Zookeeper is a distributed configuration and synchronisation service, which serves as the coordination interface between the Kafka brokers and consumers. Since all the critical information is stored in Zookeeper and it normally replicates this data across its ensemble, failure of a Kafka broker or Zookeeper does not affect the state of the Kafka cluster.
The Kafka messaging workflow
Let us now focus on how Kafka works. The producer sends messages through Kafka topics which get partitioned and distributed across the cluster by brokers. Many producers and brokers share the workload to receive data. The consumer subscribes to the topic, and Kafka provides the current offset of the topic to the consumer and also saves the offset in the Zookeeper ensemble.
The consumer sends an acknowledgement to the Kafka broker. Once the acknowledgement is received, it changes the offset to a new value and updates Zookeeper. Consumers can join the consumer group. The number of partitions impacts the maximum parallelism of consumers, as we cannot have more consumers than partitions.
Kafka doesn’t allow more than two consumers to read the same topic simultaneously. This restriction is required to avoid double reading of data. Moreover, Kafka guarantees that a message is only read by a single consumer in the group. Data/messages are never pushed out to the consumer. The consumer will ask for messages when it is ready to handle them. Consumers never overload themselves with lots of data or lose any data since all the messages are queued in Kafka.
You will need a Java Runtime Environment to install Kafka.
Step 1: Installing the Zookeeper framework
a) Downloading Zookeeper
To install the Zookeeper framework on your machine or standalone mode, download its latest version and extract the tar file using the following command:
http://zookeeper.apache.org/releases.html tar -zxf zookeeper-3.4.6.tar.gz cd zookeeper-3.4.6 mkdir data
b) Creating the configuration file
Open the configuration file named conf/zoo_sample.cfg and set the following parameters:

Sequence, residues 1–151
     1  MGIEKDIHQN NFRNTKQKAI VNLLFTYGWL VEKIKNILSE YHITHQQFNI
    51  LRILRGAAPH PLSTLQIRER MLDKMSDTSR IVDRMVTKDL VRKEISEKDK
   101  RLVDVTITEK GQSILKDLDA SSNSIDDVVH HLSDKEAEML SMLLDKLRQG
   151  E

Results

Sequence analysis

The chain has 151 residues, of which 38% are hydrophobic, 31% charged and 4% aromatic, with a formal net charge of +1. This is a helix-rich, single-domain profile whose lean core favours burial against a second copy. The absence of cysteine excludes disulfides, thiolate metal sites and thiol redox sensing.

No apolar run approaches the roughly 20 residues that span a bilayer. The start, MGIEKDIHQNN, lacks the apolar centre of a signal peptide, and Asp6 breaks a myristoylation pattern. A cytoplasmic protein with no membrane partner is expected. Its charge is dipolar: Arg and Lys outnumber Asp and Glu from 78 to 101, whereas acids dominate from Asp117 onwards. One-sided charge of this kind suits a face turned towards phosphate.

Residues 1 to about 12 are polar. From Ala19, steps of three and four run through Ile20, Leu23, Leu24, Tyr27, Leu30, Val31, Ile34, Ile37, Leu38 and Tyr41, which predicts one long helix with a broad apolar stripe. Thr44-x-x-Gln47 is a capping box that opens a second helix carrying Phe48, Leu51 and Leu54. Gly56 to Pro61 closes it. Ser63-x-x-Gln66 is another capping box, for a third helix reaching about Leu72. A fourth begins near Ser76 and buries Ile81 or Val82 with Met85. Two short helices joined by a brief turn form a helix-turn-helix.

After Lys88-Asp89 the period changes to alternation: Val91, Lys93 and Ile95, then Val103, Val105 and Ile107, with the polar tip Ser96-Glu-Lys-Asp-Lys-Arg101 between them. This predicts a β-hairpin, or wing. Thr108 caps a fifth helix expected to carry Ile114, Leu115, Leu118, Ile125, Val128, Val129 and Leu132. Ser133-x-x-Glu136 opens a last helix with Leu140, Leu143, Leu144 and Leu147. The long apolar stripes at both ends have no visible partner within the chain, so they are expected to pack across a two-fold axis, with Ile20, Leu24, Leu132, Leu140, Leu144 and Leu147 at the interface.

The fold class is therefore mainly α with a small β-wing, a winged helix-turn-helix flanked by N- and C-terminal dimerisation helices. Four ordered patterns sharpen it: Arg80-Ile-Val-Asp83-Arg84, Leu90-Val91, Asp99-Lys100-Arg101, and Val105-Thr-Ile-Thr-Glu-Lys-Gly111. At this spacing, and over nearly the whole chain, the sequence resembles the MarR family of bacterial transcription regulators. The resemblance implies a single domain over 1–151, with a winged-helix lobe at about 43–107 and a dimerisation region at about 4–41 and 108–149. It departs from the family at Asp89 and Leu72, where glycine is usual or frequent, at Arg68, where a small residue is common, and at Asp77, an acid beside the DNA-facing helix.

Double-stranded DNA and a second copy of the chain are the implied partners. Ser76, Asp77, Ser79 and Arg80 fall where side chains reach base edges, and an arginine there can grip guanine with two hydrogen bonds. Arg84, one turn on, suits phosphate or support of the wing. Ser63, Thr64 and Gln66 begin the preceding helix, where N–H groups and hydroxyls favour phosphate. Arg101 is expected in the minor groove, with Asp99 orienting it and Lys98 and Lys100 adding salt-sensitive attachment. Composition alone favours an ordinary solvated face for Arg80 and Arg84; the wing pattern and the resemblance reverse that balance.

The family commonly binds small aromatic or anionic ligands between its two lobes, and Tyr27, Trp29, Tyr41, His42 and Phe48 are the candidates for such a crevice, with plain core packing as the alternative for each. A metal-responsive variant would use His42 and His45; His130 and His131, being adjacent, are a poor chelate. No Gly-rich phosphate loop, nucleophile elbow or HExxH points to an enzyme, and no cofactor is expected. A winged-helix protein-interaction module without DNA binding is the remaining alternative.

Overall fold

$ vi conf/zoo_sample.cfg tickTime=2000 dataDir=/path/to/zookeeper/data clientPort=2181 initLimit=5 syncLimit=2
Once the configuration file has been saved successfully, return to the terminal again and start the Zookeeper server.
c) Starting the Zookeeper server and getting connected
To do this, give the following command:
sudo bin/zkServer.sh start
After executing the above command, you will get the response shown below:
ZooKeeper JMX enabled by default Using config: /home/user/Desktop/zookeeper-3.4.6/bin/../conf/zoo.cfg Starting zookeeper... STARTED
c-1) Connecting to the Zookeeper server
Next, give the following command:
You will be connected to the Zookeeper server and will get the following response:
Connecting to localhost:2181 2018-05-31 16:48:40,828 [myid:] - INFO [main:[email protected]] - Client environment: zookeeper.version=3.4.10-39d3a4f269333c922ed3db283be479f9deacaa0f, built on 03/23/2017 10:13 GMT 2018-05-31 16:48:40,846 [myid:] - INFO [main:[email protected]] - Client environment:host.name=linux-neethu 2018-05-31 16:48:40,846 [myid:] - INFO [main:[email protected]] - Client environment:java.version=1.8.0_171 ---------------------------- Welcome to ZooKeeper! ----------------------------- WATCHER:: WatchedEvent state:SyncConnected type:None path:null [zk: localhost:2181(CONNECTED) 0]
d) Stopping the Zookeeper server
After connecting the server and performing all the operations, we can stop the Zookeeper server with the following command:
$ sudo bin/zkServer.sh stop
Step 2: Apache Kafka installation
Perform the following steps to install Kafka on your machine.
a) Downloading Kafka and extracting the tar file